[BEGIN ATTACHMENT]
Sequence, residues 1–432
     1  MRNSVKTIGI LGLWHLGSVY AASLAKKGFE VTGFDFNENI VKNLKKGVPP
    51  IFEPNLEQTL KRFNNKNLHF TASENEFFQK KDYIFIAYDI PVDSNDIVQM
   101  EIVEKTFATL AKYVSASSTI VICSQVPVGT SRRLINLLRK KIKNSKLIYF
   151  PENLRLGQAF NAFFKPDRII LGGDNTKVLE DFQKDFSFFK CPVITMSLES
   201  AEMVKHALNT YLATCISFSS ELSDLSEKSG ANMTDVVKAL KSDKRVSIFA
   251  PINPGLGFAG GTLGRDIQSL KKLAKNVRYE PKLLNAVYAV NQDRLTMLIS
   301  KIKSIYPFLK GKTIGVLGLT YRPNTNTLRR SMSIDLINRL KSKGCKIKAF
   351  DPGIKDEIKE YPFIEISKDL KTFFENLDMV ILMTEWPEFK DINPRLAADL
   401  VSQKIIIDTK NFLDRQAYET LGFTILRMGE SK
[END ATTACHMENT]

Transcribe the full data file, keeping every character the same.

Sequence, residues 1–432
     1  MRNSVKTIGI LGLWHLGSVY AASLAKKGFE VTGFDFNENI VKNLKKGVPP
    51  IFEPNLEQTL KRFNNKNLHF TASENEFFQK KDYIFIAYDI PVDSNDIVQM
   101  EIVEKTFATL AKYVSASSTI VICSQVPVGT SRRLINLLRK KIKNSKLIYF
   151  PENLRLGQAF NAFFKPDRII LGGDNTKVLE DFQKDFSFFK CPVITMSLES
   201  AEMVKHALNT YLATCISFSS ELSDLSEKSG ANMTDVVKAL KSDKRVSIFA
   251  PINPGLGFAG GTLGRDIQSL KKLAKNVRYE PKLLNAVYAV NQDRLTMLIS
   301  KIKSIYPFLK GKTIGVLGLT YRPNTNTLRR SMSIDLINRL KSKGCKIKAF
   351  DPGIKDEIKE YPFIEISKDL KTFFENLDMV ILMTEWPEFK DINPRLAADL
   401  VSQKIIIDTK NFLDRQAYET LGFTILRMGE SK